While it’s true that Venice Beach has been proclaimed to be the “Shark’s Tooth Capital of the World,” there are also other area beaches that produce bountiful numbers of the prehistoric choppers.

I discovered this while on a Shark’s Teeth and More Family Tour, one of close to a dozen excursions that are produced by Sarasota Suncoast Tours. Romanus Wolter was my group’s very enthusiastic tour guide, and we all met at the Manasota Beach picnic pavilion on a wonderfully overcast morning.

Romanus was accompanied by fellow tour guide Troy Cunningham, because it was technically Romanus’s first time flying solo as a guide. Had he not told us that, we would have never known, because he led the tour like a seasoned pro.

After I met the two men and another couple, Lori and Paul Lanham, we headed down to the beach, where Romanus dispersed our tooth-hunting equipment—”Florida snow shovels” and sifting trays, with covered jars attached, to hold our finds. Lori and Paul teamed up and deftly began scooping up large amounts of sand and depositing it in the sifter, where they found plenty of sharks’ teeth and some pretty shells.

I was feeling a little cocky about my shark tooth hunting skills, since I had found one no more than 60 seconds after I first stepped foot onto the beach, so I decided to forgo the scooper and find my treasures just by looking down. This is when I realized just how many sharks’ teeth there are at Manasota Beach. I am not exaggerating when I tell you that every single time I looked down, I found several, some of them large enough to incorporate into a nice piece of jewelry.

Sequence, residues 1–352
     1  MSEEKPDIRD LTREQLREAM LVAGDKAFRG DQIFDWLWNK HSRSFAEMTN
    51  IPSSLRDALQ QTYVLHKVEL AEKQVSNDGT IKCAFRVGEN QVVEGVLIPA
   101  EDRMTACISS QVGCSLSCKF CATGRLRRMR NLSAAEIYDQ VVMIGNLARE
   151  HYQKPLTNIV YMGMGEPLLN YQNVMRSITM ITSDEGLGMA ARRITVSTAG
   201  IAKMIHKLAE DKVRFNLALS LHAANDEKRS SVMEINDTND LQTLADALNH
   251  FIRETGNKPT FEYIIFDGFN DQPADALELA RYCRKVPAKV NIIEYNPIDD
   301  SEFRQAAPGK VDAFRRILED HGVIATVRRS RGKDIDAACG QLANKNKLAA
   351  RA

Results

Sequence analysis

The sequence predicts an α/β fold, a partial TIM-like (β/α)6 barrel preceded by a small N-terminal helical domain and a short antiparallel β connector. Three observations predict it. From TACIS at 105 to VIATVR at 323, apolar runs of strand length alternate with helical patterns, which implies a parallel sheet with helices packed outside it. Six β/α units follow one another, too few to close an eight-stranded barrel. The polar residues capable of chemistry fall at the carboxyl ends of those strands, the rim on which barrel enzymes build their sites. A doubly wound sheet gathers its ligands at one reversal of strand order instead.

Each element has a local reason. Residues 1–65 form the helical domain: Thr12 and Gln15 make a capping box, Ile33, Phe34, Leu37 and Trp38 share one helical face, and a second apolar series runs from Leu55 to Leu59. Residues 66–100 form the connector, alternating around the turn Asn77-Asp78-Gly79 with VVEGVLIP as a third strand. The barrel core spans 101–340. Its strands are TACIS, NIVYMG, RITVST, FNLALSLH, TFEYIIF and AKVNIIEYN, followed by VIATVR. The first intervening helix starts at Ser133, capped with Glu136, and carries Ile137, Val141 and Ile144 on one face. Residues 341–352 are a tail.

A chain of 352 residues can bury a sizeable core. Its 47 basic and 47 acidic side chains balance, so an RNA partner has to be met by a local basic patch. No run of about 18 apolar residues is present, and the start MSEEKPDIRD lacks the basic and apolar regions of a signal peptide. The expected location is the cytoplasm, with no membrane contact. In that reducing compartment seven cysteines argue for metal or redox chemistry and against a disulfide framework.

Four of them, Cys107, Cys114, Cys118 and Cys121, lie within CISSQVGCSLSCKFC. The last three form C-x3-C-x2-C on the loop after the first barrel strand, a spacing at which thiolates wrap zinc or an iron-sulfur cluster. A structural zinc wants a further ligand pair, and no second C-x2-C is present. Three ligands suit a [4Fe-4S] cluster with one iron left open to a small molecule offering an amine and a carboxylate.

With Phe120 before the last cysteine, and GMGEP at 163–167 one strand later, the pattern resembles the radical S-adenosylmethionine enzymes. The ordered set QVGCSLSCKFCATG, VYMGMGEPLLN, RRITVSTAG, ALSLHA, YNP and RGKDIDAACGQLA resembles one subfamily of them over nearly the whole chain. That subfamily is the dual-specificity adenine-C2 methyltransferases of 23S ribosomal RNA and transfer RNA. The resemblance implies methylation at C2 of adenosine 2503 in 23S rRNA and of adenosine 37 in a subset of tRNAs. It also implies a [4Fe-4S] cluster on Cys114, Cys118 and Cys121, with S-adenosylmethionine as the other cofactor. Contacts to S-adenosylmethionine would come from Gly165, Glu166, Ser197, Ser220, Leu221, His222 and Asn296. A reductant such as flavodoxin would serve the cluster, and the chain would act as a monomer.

This is where the second part of our tour came in. After we were done at the beach, we caravanned into Downtown Venice, where we parked on Miami Avenue. We walked over to Island Treasures, where Romanus had said there was a jeweler who specialized in using found sharks’ teeth, shells and sea glass to make unique pieces of jewelry. Unfortunately, Island Treasures was unexpectedly closed that day, so we didn’t get a chance to speak to the jeweler, but on a typical tour of this kind, that would be included. I made a silent vow to myself to come back when the store was open, because I really would like to see if anything can be made from a good-sized lemon shark tooth I found at Manasota Beach.

The shop being closed, though, did allow us to start a little early at our last stop, Made in Italy restaurant, on Venice Avenue. As part of the tour, the restaurant provided our table with one of their delicious wood-fired pizzas, the Genovese, which included roasted peppers and eggplant, as well as several cheeses. The owner was nice enough to also include an appetizer called Tronchetti de Brie con Prosciutto, which was out of this world.

As Romanus told me, this particular tour included something for the imagination (the sharks’ teeth), the intellect (had we been able to meet the jeweler that day, he would have told us the origins of all the treasures we had collected), and the appetite, which was definitely satiated at Made in Italy.

Sarasota Suncoast Tours has several other interesting ones, like Ghosts and Gruesomes, which is a creepy walking tour in Downtown Sarasota, and Gods, Goddesses and Myths, which goes over the histories of the interesting statues in St. Armand’s Circle. And you won’t want to miss their culinary tours, which they’re presently running as part of their sister company, Key Culinary Tours.

Debbie Flessner writes the Live Like a Tourist column for the Sun newspapers. You may contact her at dj@flessner.net.

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